Electric Avenue

I've Got The Power

Now that you've learned what a power conditioner is, it's high time to tackle the "why." If you ever see your office lights flicker briefly, that's an indication the incoming power flow isn't always consistent. At times, electricity sags, sometimes it spikes. It's inevitable. But the delicate sensibilities of your computer equipment don't like sags, spikes or blackouts.

Lightning may be the most impressive, but it isn't necessarily your greatest enemy. Ordinary fluctuations in power are the culprits behind a lot of those unexplained computer hang-ups and crashes. A surge protector can of-ten protect against lightning strikes, but a UPS buys you time, and a power conditioner keeps things electrically smooth. Sure, they're not the most glamorous pieces of office equipment, but the following power-protection devices are more than worth their weight and cost in saved data and more reliable PC performance.

Power conditioners: Most entrepreneurs opt for a UPS or a surge protector, but it doesn't hurt to consider a true power conditioner. In our table, the APC Line-R fits the bill. The Line-R features lightning and surge protection, voltage regulation and line-noise filters. The push-button circuit breaker is another nice feature. It used to be standard for a power conditioner to have a fuse that required the whole unit be returned to the manufacturer for a reset. This new button system gets you around that inconvenience.

The Line-R runs $179 (all prices street) for the 1,250VA version or $129 for the 600VA version, comparable to many UPSs. Choosing between the two models comes down to what sort of equipment you need to run through them. Both have four outlets, but the 600VA is more suitable for lower-demand applications like printers. The 1,250VA is a better candidate for setups featuring a computer with a large monitor and lots of peripherals. Compare cost and features with the UPS devices in our table.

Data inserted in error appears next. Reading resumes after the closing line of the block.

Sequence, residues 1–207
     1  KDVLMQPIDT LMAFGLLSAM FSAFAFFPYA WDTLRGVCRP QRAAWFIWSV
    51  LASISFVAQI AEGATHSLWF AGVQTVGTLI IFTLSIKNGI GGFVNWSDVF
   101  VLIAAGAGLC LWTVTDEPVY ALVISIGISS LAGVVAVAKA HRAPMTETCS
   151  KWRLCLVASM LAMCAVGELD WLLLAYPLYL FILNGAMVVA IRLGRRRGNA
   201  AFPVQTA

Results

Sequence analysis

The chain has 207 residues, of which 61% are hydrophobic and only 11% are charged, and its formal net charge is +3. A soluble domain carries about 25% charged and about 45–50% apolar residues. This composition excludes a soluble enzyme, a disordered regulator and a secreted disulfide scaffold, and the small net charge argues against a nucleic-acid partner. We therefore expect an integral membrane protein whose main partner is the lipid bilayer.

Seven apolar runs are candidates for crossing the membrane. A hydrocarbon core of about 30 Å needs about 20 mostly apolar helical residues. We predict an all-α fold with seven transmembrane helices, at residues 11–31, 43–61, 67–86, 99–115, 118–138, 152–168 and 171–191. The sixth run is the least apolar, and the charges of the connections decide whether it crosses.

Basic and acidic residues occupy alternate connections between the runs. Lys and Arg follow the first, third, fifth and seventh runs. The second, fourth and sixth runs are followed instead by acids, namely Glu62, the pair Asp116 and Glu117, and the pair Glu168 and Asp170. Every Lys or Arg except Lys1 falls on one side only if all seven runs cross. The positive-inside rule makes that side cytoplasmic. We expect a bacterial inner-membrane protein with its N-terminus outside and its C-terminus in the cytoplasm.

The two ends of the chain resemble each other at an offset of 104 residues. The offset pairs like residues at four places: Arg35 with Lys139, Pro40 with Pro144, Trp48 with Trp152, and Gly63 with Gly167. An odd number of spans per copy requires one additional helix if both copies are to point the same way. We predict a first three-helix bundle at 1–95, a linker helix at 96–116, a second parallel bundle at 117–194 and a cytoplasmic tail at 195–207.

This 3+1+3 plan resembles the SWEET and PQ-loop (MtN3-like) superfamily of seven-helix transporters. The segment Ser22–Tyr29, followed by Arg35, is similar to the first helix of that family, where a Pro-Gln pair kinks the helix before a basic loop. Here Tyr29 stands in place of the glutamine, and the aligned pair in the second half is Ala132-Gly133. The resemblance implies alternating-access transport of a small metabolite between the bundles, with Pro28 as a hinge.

Surge protectors: Surge protectors boast a minimal cost, but they also tend to offer minimal features. While they won't give you the added uptime of a UPS or the smooth voltage regulation of a power conditioner, a surge protector is still vastly better than nothing. When shopping for a surge protector, you should compare the number of power outlets and phone jacks, room for transformers, and warranties for connected equipment.

The token surge protector in our table is the Panamax Powermax 8 Tel. Its built-in phone jacks offer protection for your modem as well as your computer and peripherals. A $100,000 connected-equipment warranty tops most of our UPS offerings. At $39.95, even cash-strapped businesses can afford at least this amount of safety.

UPSs: Investing in a UPS makes sense for desktops in an office environment. Ponder the name, "uninterruptible power supply." You can also refer to it as "battery back-up." Hooking your computer through a UPS is like having your own personal Energizer Bunny looking after your equipment. If the power goes down completely, the UPS kicks in and gives you a few precious minutes to save your work and shut down your computer. In a temporary brownout situation, it will keep your PC afloat. Either way, your data is saved from oblivion.

Worried about not being at your PC when a blackout strikes? Higher-end UPSs often come with handy software that automatically saves your work and shuts the computer down as needed. Between catastrophes, a UPS also acts as a surge protector, guarding against the sags and spikes that can cause equipment headaches.

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This article was originally published in the January 2001 print edition of Entrepreneur with the headline: Electric Avenue.

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